Amyotrophic lateral sclerosis, also called ALS or Lou Gehrig's disease, is a progressive neuromuscular disease. Over time, ALS interferes with the ability to walk, speak, swallow, and breathe, and eventually results in complete paralysis. At this time, there is no cure for ALS.

Lou Gehrig's disease usually is diagnosed during middle age and affects men more often than women. Although a small percentage of ALS cases are related to an inherited genetic defect, the cause is unknown in a vast majority of cases.

Here are some questions to ask your doctor (e.g., neurologist) about ALS. Print this page, mark the questions you would like to have answered, and bring it with you to your next appointment. The more you know about ALS, the easier it will be to make informed decisions about medical care for yourself or your family member.

Questions to Ask Your Doctor about ALS (Lou Gehrig's disease)

  • What are the most common ALS symptoms?
  • What is leading you to suspect that I might have Lou Gehrig's disease?
  • Are Lou Gehrig's disease symptoms similar to those caused by other conditions or diseases?
  • What tests will be performed to confirm or rule out amyotrophic lateral sclerosis?
  • How should I prepare for these tests?
  • Should I call for the test results or will someone contact me?
    Telephone number to call: Date:
  • If these diagnostic tests for ALS are positive, what are the next steps?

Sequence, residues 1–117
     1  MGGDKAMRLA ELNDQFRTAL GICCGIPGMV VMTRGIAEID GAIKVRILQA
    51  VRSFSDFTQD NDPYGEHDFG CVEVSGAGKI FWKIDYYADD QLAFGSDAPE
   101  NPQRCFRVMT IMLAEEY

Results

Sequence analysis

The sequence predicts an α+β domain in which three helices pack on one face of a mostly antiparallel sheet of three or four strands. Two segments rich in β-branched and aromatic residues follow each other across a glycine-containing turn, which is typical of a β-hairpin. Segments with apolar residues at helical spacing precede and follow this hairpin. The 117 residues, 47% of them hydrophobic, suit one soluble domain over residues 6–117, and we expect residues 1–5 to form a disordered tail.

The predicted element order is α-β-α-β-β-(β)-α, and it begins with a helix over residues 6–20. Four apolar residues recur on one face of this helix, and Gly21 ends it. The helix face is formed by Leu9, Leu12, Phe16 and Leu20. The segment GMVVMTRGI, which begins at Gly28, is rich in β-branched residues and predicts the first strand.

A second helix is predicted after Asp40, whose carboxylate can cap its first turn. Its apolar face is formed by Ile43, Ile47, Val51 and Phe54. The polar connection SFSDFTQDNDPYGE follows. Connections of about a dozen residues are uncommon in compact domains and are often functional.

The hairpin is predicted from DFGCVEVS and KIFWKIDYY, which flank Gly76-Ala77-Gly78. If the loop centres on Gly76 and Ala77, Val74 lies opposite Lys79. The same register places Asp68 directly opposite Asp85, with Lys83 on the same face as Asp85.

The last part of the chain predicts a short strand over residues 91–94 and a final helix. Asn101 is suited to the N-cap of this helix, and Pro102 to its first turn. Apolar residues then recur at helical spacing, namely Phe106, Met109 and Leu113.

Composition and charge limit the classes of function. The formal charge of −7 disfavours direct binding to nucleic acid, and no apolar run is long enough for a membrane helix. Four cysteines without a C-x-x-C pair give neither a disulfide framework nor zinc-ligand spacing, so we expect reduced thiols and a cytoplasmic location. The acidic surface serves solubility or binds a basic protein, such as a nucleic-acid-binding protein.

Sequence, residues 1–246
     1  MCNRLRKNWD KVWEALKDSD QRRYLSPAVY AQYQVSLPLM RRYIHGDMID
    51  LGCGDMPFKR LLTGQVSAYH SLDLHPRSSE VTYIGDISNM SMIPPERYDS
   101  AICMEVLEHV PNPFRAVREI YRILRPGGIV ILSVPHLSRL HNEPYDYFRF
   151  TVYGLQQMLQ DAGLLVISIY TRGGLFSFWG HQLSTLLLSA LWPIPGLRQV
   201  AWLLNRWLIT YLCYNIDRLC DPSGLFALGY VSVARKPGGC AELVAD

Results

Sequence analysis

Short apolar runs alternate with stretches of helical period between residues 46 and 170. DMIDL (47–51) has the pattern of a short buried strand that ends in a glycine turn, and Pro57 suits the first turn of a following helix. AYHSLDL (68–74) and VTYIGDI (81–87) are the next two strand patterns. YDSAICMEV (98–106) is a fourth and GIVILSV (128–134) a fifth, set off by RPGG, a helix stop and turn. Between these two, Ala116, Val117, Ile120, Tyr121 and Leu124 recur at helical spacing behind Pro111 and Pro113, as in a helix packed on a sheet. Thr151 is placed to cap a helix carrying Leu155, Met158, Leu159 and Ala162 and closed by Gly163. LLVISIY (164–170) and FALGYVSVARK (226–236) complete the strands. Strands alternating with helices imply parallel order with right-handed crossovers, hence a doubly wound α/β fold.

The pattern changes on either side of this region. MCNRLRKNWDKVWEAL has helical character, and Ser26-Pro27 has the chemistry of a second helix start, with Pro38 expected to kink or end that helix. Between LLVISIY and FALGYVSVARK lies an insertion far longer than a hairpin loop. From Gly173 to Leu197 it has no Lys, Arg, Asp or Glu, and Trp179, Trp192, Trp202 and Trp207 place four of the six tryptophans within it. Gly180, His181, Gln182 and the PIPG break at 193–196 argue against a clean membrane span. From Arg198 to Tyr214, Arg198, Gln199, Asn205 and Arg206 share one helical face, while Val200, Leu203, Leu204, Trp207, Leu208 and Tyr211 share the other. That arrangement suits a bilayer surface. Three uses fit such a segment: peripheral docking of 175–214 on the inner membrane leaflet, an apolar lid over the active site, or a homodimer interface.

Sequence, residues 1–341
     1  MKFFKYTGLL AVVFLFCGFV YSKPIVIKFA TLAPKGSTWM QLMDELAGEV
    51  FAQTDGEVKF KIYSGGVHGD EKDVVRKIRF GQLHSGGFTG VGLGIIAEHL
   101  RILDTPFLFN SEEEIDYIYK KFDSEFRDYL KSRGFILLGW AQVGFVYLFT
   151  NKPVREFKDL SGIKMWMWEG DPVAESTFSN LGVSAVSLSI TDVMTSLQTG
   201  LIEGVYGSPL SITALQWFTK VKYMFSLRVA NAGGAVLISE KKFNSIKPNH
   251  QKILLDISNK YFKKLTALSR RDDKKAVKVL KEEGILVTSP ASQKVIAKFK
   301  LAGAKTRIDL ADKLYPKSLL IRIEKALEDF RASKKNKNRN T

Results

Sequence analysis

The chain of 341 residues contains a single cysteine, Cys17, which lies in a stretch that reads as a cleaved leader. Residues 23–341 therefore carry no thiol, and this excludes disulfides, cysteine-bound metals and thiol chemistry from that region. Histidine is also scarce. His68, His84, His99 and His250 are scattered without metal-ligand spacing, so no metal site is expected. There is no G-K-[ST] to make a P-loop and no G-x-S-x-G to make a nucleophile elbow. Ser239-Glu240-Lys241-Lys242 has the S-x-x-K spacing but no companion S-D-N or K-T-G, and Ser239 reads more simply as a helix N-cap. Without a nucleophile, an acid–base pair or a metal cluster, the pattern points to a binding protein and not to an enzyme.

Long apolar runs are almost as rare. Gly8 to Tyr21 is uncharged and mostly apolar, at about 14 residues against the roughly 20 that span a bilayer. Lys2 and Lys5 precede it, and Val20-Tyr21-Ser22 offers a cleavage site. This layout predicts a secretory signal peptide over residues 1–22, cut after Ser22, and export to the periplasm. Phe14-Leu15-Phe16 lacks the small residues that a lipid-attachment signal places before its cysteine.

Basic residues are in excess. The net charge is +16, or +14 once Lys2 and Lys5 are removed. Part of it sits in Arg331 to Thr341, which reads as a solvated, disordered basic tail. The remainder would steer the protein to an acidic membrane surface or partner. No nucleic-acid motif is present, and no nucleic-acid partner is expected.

• What are the causes of Lou Gehrig's disease?
  • If I have an inherited form of ALS, should my family members, including children, be tested?
  • What is the expected prognosis for people with ALS?
  • What can I expect in terms of quality of life?
  • Who will be the members of my health care team?
  • How do I reach these medical professionals?
  • How will my condition be monitored?
  • How might ALS symptoms change or progress over time?
  • Is it possible to slow progression of the disease?
  • Are there any medications that have proven effective in treating amyotrophic lateral sclerosis symptoms?
  • What are the common side effects of these drugs?
  • What should I do if my symptoms worsen, or if I develop new symptoms or severe medication side effects?
    Telephone number to call:
  • Am I a candidate for physical or occupational therapy? Why or why not?
  • What other specialized treatments are available?
  • What research is being done regarding ALS treatments and prevention?
  • Do you recommend that I participate in a clinical trial for ALS patients? Why or why not?
  • Can you recommend additional resources for support or information for people with ALS?
  • Can you recommend additional resources for support or information for my friends, caregivers, and family members?
  • Next appointment:
    Doctor: Date: Time:

Publication Review By: Stanley J. Swierzewski, III, M.D.

Published: 25 May 2009

Last Modified: 28 Aug 2015